About 2.7 billion years ago, towards the end of the Archaean period, a rain shower left its mark on ash deposits from a volcanic eruption in what is now the South African veldt. As the ash hardened to form tuff rock, the crater-like imprints of the individual raindrops were fossilized. An analysis of these imprints, aided by comparison with similar prints formed during the 2010 Eyjafjallajökull eruption in Iceland, suggests that air density during the Archaean was no more than twice modern levels. At that time, the Sun was dimmer than it is today, but the climate was warm. Most theories to explain this 'Faint Young Sun' paradox have assumed that the atmosphere was denser in the Archaean than it is now, and that the greenhouse effect was stronger, but this latest work seems to rule out higher carbon dioxide levels; nitrogen-pressure broadening remains unlikely, but possible.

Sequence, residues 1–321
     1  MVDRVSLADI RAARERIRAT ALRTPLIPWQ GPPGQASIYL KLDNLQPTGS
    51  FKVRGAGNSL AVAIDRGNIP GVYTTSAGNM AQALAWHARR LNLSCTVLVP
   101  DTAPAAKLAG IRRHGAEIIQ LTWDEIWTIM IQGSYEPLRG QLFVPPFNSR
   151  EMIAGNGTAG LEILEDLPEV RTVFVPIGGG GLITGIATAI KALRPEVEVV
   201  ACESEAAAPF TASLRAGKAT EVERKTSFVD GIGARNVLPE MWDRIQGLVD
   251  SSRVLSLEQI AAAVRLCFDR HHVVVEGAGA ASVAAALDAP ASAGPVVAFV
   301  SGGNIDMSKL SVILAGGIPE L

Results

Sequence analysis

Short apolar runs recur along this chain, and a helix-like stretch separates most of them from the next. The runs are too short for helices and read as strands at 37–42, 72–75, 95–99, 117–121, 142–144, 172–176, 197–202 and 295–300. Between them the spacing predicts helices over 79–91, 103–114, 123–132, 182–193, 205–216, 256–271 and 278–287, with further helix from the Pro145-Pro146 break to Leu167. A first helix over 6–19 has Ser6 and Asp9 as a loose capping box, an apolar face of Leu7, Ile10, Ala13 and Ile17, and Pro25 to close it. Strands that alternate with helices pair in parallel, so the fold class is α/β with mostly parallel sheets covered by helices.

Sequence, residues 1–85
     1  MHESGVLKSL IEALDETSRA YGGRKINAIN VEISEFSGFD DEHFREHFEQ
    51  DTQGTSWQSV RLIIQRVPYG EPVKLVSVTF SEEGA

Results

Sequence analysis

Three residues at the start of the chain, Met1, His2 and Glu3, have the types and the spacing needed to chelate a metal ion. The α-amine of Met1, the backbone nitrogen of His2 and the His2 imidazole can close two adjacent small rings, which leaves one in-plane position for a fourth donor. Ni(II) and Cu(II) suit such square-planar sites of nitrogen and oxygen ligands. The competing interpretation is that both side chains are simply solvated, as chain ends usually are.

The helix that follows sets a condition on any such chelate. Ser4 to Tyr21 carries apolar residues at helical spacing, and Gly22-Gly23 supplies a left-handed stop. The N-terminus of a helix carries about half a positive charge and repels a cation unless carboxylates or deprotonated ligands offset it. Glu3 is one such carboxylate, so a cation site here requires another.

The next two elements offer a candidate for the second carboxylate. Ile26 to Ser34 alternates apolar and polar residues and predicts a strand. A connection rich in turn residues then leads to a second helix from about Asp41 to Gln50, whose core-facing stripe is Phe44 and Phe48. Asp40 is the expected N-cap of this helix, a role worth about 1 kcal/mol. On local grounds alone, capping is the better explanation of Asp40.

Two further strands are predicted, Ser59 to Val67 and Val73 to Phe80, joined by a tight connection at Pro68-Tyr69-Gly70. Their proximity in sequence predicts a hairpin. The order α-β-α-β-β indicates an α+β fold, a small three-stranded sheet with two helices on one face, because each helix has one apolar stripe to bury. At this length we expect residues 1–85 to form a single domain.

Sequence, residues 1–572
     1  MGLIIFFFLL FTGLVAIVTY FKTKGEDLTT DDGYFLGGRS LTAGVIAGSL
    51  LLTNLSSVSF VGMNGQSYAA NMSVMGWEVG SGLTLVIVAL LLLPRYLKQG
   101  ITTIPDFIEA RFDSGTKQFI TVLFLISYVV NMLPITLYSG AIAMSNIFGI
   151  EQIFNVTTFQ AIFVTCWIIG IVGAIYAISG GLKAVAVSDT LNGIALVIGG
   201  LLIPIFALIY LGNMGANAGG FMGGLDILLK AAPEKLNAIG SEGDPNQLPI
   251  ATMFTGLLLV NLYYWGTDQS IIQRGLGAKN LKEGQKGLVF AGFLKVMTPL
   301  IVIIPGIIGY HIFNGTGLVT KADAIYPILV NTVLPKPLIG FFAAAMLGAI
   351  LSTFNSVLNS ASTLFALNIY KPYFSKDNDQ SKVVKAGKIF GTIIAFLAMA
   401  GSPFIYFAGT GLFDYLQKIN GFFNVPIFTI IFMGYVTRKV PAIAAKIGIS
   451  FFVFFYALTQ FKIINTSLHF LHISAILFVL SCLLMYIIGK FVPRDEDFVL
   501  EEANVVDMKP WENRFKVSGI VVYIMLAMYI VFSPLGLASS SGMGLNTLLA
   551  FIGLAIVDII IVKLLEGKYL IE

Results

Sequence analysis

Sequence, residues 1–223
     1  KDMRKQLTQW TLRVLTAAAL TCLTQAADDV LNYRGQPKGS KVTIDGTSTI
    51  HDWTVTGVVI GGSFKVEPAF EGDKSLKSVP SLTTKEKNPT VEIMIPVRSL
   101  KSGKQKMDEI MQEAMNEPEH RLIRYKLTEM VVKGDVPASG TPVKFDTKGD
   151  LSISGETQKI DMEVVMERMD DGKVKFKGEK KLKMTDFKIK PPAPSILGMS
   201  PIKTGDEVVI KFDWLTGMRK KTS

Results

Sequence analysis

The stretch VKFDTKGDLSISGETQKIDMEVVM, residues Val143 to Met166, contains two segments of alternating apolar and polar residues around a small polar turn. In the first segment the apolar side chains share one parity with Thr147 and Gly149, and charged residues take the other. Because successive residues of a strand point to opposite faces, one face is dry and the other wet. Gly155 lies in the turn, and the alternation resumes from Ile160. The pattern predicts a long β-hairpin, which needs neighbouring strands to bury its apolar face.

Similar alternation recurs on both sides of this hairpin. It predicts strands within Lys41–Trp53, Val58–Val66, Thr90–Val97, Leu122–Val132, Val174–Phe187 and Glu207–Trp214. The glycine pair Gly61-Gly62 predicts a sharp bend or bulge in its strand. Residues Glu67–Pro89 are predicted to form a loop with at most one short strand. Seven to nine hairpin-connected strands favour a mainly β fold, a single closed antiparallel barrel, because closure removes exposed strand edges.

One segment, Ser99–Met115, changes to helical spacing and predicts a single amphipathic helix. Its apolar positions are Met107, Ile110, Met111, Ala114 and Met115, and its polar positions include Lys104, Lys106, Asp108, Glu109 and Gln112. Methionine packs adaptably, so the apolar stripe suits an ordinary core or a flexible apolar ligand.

- Air density 2.7 billion years ago limited to less than twice modern levels by fossil raindrop imprints (Letter p359, doi: 10.1038/nature10890)
- (News & Views p322, doi: 10.1038/nature11036)
Recent Hot Topics
Sign up for Nature Research e-alerts to get the lastest research in your inbox every week.